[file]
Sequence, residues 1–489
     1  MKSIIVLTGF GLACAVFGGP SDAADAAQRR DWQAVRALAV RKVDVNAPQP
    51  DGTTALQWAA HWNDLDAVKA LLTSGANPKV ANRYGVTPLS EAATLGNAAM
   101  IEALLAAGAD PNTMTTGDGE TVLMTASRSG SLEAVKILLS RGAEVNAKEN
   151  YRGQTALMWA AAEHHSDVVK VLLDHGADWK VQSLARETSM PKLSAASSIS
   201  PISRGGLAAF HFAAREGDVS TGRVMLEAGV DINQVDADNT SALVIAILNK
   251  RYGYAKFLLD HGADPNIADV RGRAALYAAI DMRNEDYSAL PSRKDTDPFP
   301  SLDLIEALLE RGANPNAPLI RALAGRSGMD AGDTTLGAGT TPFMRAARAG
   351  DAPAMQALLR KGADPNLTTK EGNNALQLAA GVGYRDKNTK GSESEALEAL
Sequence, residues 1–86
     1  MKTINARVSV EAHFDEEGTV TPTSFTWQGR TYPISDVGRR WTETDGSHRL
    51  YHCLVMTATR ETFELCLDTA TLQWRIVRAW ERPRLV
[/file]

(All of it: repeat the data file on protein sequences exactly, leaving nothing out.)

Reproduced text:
Sequence, residues 1–489
     1  MKSIIVLTGF GLACAVFGGP SDAADAAQRR DWQAVRALAV RKVDVNAPQP
    51  DGTTALQWAA HWNDLDAVKA LLTSGANPKV ANRYGVTPLS EAATLGNAAM
   101  IEALLAAGAD PNTMTTGDGE TVLMTASRSG SLEAVKILLS RGAEVNAKEN
   151  YRGQTALMWA AAEHHSDVVK VLLDHGADWK VQSLARETSM PKLSAASSIS
   201  PISRGGLAAF HFAAREGDVS TGRVMLEAGV DINQVDADNT SALVIAILNK
   251  RYGYAKFLLD HGADPNIADV RGRAALYAAI DMRNEDYSAL PSRKDTDPFP
   301  SLDLIEALLE RGANPNAPLI RALAGRSGMD AGDTTLGAGT TPFMRAARAG
   351  DAPAMQALLR KGADPNLTTK EGNNALQLAA GVGYRDKNTK GSESEALEAL
Sequence, residues 1–86
     1  MKTINARVSV EAHFDEEGTV TPTSFTWQGR TYPISDVGRR WTETDGSHRL
    51  YHCLVMTATR ETFELCLDTA TLQWRIVRAW ERPRLV